If you’re interested in getting a new car, you’re probably well aware that you have two basic options: leasing or buying. While most drivers choose to buy (or finance) a new car, many shoppers swear that leasing a car is the better decision. So which is correct? When does leasing make more sense than buying? And should you consider it? To help you decide whether leasing is a good idea for you, we’ve rounded up all the benefits and drawbacks of leasing, and we’ve laid out our opinions about when you should lease and when you should buy.
Benefits of Leasing
The biggest benefit of leasing a car rather than buying is that you can usually get more car for your money by leasing. A lease involves paying the depreciation on the car rather than the entire purchase price. For example, if you lease a $20,000 car for 3 years and its projected value at the end of those 3 years is $12,000, then you only make lease payments on the $8,000 difference. If you had bought the car, you’d be making payments on the entire $20,000.
Leasing also benefits drivers who don’t have much money saved up for a down payment. Many lease deals are available with nothing down or $1,000 down, whereas smart shoppers who finance usually put down 10 to 20 percent of a car’s purchase price.
There’s also the obvious benefit of leasing: You get a new car every few years. If you sign a 5-year loan to purchase a car, you’ll be making payments for the next five years, and if you want out, you’ll have to sell the car yourself, which can take time, or trade it in for a new model, which can be expensive. If you’re leasing a car, your obligation is released as soon as the lease is over, which usually happens every 2 or 3 years, and you’ll be free to go get a new model.
Drawbacks of Leasing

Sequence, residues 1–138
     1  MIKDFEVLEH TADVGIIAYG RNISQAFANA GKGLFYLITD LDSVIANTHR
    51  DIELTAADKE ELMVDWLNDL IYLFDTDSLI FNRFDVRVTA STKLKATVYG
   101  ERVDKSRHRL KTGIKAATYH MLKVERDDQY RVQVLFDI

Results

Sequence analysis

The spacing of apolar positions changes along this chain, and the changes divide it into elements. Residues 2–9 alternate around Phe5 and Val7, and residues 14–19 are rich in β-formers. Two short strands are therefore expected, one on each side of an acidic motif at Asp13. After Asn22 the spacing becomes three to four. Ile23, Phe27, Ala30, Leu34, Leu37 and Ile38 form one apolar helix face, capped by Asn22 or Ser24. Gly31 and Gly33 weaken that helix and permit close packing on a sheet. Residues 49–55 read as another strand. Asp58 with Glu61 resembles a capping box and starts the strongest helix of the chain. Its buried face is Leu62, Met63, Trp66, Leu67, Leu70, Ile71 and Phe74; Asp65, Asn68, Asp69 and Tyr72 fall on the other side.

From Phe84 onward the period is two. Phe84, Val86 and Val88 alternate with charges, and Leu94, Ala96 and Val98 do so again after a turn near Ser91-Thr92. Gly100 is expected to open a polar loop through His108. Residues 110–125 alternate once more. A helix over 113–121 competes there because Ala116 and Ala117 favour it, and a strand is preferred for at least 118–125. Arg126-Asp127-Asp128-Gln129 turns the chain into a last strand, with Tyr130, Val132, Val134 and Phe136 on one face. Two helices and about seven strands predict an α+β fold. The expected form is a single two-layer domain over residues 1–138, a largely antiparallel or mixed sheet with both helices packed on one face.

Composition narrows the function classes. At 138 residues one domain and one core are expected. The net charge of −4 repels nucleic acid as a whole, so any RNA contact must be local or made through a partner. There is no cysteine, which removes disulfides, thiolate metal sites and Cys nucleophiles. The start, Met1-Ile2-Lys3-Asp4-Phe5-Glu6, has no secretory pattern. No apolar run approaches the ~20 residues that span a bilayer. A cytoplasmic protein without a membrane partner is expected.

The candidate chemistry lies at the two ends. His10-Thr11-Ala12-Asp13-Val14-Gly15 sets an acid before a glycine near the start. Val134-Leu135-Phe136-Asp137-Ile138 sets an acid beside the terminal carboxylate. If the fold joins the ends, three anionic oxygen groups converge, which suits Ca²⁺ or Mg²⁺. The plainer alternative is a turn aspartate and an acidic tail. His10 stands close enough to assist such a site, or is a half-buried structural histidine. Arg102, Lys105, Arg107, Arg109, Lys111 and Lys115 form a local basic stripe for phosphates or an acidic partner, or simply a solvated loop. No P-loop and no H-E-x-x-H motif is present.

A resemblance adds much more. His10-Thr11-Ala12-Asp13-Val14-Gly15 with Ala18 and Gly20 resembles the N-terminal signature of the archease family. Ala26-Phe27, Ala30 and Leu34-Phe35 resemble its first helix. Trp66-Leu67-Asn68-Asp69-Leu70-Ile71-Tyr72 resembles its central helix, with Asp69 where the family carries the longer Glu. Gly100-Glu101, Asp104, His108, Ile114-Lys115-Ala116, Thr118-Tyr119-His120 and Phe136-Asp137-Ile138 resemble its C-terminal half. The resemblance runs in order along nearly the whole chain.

The biggest drawback of leasing is that you aren’t building up any equity in your vehicle. Think of it like buying a home: With every mortgage payment, you own a little more of your home. But if you rent your home, just like if you lease a car, your money isn’t increasing your ownership stake. As a result, when someone has finished making payments on a leased car, he or she will have to buy or lease another car. When someone has finished making payments on a financed car, he or she owns the vehicle outright with no further payments.
Another drawback to leasing is that many leases often come with a kilometre restriction. In order to get many good lease deals that are offered by automakers, you’ll need to agree to keep your kilometres low — usually around 20,000 or 25,000 per year. If you can’t do that, the lease rate will go up, or you’ll be stuck paying expensive mileage penalties at the end of your lease.
Drivers who lease will also have to take very good care of their leased cars. Automakers assume that leased cars will be returned in roughly “new-car” condition, and they can charge you for excess wear and tear if a leased car is returned with scrapes, bumps and dents.
Is It a Good Idea for You?
So is leasing a good idea for you? Our answer is that it depends. We primarily suggest leasing for drivers who enjoy trying out new cars, who don’t drive very much and who keep their cars in good shape. We also suggest leasing if you don’t have a substantial down payment saved up. Meanwhile, if you don’t need a new car every few years, if you drive a lot or if you want to own your car for a while, you’ll probably be better off buying instead.